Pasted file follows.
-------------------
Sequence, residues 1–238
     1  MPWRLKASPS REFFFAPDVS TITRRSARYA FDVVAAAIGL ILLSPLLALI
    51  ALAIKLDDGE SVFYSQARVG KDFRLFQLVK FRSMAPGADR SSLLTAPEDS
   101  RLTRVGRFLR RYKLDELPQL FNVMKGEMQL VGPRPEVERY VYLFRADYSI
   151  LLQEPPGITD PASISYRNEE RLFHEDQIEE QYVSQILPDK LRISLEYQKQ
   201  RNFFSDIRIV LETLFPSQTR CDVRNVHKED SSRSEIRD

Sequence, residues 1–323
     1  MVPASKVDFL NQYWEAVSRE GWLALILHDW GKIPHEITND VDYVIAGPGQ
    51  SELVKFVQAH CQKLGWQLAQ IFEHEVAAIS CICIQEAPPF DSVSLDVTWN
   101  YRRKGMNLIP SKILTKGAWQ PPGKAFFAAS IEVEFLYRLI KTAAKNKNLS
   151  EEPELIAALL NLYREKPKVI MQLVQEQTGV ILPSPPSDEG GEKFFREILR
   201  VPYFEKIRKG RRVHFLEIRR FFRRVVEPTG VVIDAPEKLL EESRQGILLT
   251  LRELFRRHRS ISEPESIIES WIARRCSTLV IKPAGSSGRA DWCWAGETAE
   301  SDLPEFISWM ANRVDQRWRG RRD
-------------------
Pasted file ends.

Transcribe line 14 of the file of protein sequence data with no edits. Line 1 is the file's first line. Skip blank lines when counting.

   301  SDLPEFISWM ANRVDQRWRG RRD